Just in case it needs to be stated: Ronnie’s honorable intentions for our romantic relationship that he described on our first date didn’t mean that it was absolutely necessary to wait until marriage for us to share a room and bed. By the end of the August 1983, we were sleeping together and eating together as well as working together.
I wasn’t satisfied for long with a diet exclusively of restaurant food. I started buying fresh fruits and vegetables to prepare and eat at least some meals in the room. We used a cooler which I usually stocked with ice from the hotel ice machine. Sometimes it was necessary to buy ice from a gas station. Probably it would have been more considerate to other guests to buy ice blocks all the time, but I didn’t think of that at first. When I did, my first resort was to become more discreet, finding ways to make it less obvious to the hotel management how much ice I was fetching each day.
Some of the ice making machines worked a lot better than others. Some of them really didn’t deserve the name “ice maker” at all.
Once when I had been to the grocery store, I got back and realized how carried away I had gotten in the produce aisle. There was no way I could keep all that food in the cooler with adequate ice too. So I extra-cleaned the bath tub and filled it with ice and vegetables, explaining to Ronnie that pretty soon we would have eaten this food supply down enough to go back to using the cooler. He went along with it.
When Fred came by (he, Donald, and some others were always around; even though we had our own rooms, it really had some aspects of everyone living together) he saw the filled bathtub and congratulated Ronald, telling him his bathtub had never looked better and that his new girlfriend was a good influence. I appreciated that thought, even if it was two thirds very basic, sincere compliment and one third sly amusement. Fred was a gray-haired, long-bearded hipster or former hipster (a point regularly disputed) who believed in the importance of natural foods. He was very concerned about the health effects of white sugar, white flour, prescription drugs, and too much television on Americans’ health. He was less concerned about the dangers of weed or alcohol, which were clearly greatly overstated in the corporate media. Fred and I were more aligned than you might think, but maybe that has made the differences we had all the more difficult.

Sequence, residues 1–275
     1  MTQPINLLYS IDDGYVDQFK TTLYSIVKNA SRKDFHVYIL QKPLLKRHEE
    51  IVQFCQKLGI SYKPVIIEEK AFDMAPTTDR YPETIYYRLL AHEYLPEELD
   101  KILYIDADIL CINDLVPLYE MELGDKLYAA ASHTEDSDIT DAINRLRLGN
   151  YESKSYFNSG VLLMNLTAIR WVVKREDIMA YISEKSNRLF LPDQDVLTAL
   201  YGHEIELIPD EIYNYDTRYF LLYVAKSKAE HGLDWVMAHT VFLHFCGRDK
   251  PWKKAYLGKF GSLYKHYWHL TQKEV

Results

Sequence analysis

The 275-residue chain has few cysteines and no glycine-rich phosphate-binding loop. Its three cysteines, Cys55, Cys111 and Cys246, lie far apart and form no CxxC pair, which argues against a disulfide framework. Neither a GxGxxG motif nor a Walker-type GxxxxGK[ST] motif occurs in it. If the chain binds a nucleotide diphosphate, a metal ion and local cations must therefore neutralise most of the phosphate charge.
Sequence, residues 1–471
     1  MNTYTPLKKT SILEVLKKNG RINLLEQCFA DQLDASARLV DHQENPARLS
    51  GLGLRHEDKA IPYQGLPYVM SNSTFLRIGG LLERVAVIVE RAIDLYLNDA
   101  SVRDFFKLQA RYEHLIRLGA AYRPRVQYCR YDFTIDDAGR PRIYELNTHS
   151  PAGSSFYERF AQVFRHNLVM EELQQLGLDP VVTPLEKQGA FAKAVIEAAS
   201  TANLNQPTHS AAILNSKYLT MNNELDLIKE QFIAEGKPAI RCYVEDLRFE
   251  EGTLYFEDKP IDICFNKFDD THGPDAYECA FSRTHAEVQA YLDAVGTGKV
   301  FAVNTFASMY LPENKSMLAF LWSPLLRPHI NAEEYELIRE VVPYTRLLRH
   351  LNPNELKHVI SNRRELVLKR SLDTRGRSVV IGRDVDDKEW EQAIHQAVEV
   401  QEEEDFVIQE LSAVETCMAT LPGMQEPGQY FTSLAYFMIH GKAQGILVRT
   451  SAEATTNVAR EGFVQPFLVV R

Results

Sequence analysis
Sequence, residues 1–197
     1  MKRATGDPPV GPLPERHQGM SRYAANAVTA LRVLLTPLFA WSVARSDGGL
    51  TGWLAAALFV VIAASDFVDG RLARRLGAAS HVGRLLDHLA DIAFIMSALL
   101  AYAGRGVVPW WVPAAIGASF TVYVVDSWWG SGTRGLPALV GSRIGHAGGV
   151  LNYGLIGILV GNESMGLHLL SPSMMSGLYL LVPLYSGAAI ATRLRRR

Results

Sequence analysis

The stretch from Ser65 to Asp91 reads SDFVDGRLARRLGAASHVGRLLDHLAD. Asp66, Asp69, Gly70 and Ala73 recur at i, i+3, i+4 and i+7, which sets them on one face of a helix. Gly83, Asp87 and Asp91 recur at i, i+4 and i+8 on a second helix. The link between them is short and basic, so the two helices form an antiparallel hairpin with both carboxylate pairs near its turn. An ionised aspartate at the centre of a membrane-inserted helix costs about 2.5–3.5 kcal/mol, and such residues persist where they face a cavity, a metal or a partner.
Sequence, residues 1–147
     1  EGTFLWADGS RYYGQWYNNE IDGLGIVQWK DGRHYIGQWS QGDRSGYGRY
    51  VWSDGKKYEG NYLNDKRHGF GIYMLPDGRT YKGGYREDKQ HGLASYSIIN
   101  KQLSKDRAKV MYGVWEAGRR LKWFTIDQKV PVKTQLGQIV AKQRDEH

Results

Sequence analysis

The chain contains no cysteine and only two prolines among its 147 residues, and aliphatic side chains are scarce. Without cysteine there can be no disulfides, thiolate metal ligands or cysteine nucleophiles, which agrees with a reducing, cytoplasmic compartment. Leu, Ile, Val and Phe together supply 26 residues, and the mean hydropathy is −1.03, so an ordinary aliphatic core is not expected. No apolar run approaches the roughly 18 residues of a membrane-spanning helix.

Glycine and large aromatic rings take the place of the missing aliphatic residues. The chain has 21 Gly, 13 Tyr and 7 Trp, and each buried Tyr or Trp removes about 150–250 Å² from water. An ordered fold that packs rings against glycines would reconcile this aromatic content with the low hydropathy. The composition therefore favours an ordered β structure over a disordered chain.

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I started carrying other kinds of food equipment too. A critical item would always be some sort of electric cooking kind of thing. I tried a variety of electric skillets and other vessels. The best had some coil at the bottom and were a few inches deep, so one could simmer, steam , or fry. You can’t make many choices how to use a crock pot. We received an electric wok as a wedding gift, and it was versatile. I kept a few cheap dishes (I tried hard not to use disposable dishes except for larger group meals): three cereal bowls, a few larger bowls for mixing/serving, a few spices, a small bottle of liquid dish detergent. For a while, I even kept a paperback Betty Crocker Cookbook just in case I wanted to try something new and special. Everything had to nest very well and take minimal space in the car.
I kept one knife that I carefully wrapped in newspaper before each jump, but at first I avoided even a cutting board because usually I could get by with the back side of a cereal box or something. That was a drag and finally I purchased a small wooden cutting board, apple-shaped, from a grocery store. After a while it warped and about one third of the apple shape broke off. I still keep and use it in my kitchen now.
It could get very tedious always learning where the new town’s grocery store was and finding my way around it, in addition to hauling all that ice and peeling and slicing vegetables in a poorly ventilated standard hotel room not designed as a kitchen, but I guess it was important to me.
We often invited managers or agents to eat with us, and sometimes I would prepare a larger meal for everyone. Sometimes we had conference room or hotel picnic table where everyone could sit together; otherwise we might just sit around whatever furniture there was in the standard rooms.